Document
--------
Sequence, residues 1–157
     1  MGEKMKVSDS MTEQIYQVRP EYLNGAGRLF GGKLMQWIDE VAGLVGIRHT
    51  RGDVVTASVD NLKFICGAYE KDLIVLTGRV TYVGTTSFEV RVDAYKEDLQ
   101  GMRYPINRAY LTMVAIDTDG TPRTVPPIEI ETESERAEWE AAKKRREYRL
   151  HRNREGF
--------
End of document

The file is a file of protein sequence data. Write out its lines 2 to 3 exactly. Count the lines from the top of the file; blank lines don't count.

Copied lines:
     1  MGEKMKVSDS MTEQIYQVRP EYLNGAGRLF GGKLMQWIDE VAGLVGIRHT
    51  RGDVVTASVD NLKFICGAYE KDLIVLTGRV TYVGTTSFEV RVDAYKEDLQ